In lieu of an abstract, here is a brief excerpt of the content:

Review Article Perilous Crossings and Borders: G.S. Rousseau and the Anthropology of Eighteenth-Century Culture RA YMOND STEPHANSON C.S. Rousseau. Enlightenment Crossings: Pre- and Post-modern Discourses: Anthropological (vall); Enlightenment Borders: Pre- and Post-11Wdern Discourses: Medical, Scientific (vol 2); Perilous Enlightenment: Pre- and Post-modern Discourses: Sexual, Historical (vol 3) Manchester University Press 1991 It would be surprising to find a serious scholar or graduate student practising eighteenth are surely as important to the cultural historian as the books they wrote. It is fitting that the final essay of the trilogy - a review of three books by the controversial and polemical British Enlightenment historian, J.C.D. Clark - should begin by asking 'What kind of. history should be written in the postmodemist/ poststructuralist world when so many forms of referentiality are called into doubt, and when local knowledge is the only kind to be trusted?' (292). In his review and analysis of the methodological and ideological biases of much British historiography it becomes clear that, for Rousseau, Clark's books and those of his British adversaries are not always self-conscious enough about their own status as fiction, as political platform, and as British nationalism: 'No version of history is ultimately IItruerli than any other; all are ultimately rhetorical, ideological, value-laden, fictive' (318). This is not Rousseau suddenly adopting some hopelessly relativistic concept of historicism or 'history' which makes the gathering of empirical evidence an ultimately meaningless thing because the narration of its possible significance is 'fictive'; rather, he is, I think, reminding all Enlightenment historians (of whatever stripe or subject or country) that until we are 'willing to concede the necessary fictionality of {our] own myth[s] of history' (318) and take seriously (even be willing to experiment with) the often very different theoretical and methodological approaches of other historians, the discourse of 'history' itself will suffer by virtue of being too insular and narrow. If I understand Rousseau correctly, the final essay of the trilogy implies that the health and survival of Enlightenment history and the writing of that history at the end of the twentieth century depend on theory, or, to put it differently, that the self·consciousness that can be made available in a wide-ranging knowledge of theories may offer the kind of 'sceptical' and 'disinterested engagement' (292) which would appear to characterize his ideal of the contemporary scholar who would pursue Enlightenment history. Despite the claim in his Introduction that, 'having begun historical ... I remain historicist' (xiii), it is clear just how much value Rousseau has come to place on theory as a way of vitalizing our histories of the Enlightenment: 'All my doubt has rested on a more proper approach to a deep-layer historicism ... than the ones we have at present. But the great challenge for theory during my adult lifetime has been its extraordinary possibilities for historicism. If I did not believe that, I would long ago have abandoned cultural history and rerurned to the old methods in which I had been trained' (xiii). It remains to say something of Rousseau's self-dramatization throughout these three long books, for the presentation of self - usually an intellectu~l persona but at times a sketch of the private man - is a significant aspect of one's experience 400 RAYMOND STEPHANSON of the trilogy, and part of the pleasure in reading Rousseau. He does not hide his ego behind some falsely constructed, translucent wall of verbal or pseudoscientific objectivity which pretends to replace the narrating human agent with 'truth' itself; his self-dramatization from the Introduction onward is bluntly a part of his subjects themselves, and its characteristics are these: the image of the lone man in the service of 'truth,' battling the curmudgeonly traditionalists and old fogeys on one hand, and resisting the narcissistic excesses and professional sway of the theoretical epigoni on the other. Rousseau casts himself as a 'pioneer' (Introduction, ix), the man who got there first, before others had even asked the question. I suspect some readers will find this rhetorical element immodest, although the fact of the matter is that in so many instances Rousseau has been the pioneer in precisely this sense. Keenly...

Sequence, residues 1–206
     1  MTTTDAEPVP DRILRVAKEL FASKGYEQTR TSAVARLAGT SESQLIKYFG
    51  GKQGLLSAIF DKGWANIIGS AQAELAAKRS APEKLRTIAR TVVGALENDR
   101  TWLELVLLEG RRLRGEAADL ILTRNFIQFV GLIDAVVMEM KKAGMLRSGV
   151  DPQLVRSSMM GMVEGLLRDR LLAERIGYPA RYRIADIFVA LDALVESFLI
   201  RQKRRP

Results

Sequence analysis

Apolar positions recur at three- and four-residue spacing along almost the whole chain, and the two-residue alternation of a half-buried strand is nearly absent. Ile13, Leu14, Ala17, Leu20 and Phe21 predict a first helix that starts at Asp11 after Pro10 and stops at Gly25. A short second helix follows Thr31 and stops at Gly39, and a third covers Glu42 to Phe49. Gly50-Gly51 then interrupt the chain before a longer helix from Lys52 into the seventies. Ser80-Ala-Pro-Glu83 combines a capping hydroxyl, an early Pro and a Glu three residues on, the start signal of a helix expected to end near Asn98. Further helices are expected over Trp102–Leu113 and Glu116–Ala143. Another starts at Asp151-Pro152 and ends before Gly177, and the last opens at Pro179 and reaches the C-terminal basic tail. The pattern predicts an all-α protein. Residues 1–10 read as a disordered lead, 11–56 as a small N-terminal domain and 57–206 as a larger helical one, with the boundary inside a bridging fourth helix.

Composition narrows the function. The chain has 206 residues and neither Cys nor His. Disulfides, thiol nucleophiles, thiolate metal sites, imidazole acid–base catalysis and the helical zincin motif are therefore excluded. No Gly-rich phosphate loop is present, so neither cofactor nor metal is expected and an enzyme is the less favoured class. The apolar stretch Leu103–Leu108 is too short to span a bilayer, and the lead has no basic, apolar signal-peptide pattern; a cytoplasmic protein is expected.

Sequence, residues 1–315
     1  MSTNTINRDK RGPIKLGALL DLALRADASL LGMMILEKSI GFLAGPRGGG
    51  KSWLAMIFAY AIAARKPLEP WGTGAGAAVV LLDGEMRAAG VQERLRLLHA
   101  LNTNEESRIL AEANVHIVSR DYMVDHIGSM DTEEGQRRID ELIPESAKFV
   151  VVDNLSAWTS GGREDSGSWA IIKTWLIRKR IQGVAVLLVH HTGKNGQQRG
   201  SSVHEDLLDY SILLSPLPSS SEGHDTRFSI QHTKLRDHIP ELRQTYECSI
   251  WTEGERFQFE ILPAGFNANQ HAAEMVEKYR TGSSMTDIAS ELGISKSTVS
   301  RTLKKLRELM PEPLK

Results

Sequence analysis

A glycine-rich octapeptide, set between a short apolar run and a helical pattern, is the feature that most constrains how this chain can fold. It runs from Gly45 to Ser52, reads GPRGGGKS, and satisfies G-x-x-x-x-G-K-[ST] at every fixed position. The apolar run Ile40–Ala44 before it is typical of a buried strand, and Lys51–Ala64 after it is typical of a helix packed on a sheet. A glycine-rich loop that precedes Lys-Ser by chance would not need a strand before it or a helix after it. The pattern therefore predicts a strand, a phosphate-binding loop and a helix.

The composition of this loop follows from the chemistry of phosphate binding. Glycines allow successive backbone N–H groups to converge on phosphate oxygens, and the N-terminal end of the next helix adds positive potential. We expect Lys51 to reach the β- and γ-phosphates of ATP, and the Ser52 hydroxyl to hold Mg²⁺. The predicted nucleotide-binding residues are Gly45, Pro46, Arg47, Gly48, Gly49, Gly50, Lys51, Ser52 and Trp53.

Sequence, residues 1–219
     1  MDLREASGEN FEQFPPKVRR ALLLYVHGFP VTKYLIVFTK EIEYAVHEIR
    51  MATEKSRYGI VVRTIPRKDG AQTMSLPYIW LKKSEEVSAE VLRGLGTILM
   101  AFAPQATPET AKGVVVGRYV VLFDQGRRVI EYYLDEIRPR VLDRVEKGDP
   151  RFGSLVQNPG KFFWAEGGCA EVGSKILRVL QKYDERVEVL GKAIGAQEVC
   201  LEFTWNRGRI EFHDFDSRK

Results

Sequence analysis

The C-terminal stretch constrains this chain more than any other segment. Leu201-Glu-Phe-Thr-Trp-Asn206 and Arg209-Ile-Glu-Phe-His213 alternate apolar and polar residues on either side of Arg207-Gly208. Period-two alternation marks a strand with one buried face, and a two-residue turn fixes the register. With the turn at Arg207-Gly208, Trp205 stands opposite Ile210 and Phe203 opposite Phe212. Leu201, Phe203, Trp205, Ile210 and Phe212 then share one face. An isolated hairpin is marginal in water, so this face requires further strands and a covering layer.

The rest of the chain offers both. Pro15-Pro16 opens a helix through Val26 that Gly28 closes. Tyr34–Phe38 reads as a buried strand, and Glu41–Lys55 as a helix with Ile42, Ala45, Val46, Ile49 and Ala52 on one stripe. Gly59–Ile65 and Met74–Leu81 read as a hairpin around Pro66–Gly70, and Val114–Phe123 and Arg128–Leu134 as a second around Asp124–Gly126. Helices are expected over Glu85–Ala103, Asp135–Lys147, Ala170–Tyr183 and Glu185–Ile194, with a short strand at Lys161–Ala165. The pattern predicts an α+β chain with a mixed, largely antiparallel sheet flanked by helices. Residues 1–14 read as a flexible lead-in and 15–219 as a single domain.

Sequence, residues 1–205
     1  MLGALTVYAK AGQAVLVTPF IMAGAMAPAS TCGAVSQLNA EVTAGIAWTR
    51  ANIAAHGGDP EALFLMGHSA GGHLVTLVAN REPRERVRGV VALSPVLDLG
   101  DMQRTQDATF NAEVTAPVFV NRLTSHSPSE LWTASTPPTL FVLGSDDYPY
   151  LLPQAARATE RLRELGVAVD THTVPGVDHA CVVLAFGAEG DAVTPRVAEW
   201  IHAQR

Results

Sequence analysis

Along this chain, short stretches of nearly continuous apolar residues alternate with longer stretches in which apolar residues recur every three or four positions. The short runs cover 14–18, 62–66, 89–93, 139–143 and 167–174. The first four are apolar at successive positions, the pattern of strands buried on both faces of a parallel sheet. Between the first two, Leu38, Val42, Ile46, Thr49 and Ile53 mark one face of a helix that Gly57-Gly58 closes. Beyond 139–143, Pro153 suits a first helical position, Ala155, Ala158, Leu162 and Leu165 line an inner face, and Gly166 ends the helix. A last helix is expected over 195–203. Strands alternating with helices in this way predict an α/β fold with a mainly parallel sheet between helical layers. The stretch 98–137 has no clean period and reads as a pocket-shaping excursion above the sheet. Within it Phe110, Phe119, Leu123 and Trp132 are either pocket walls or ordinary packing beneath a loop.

Additional Information

Print ISSN
pp. 388-400
Launched on MUSE
Open Access
Back To Top

This website uses cookies to ensure you get the best experience on our website. Without cookies your experience may not be seamless.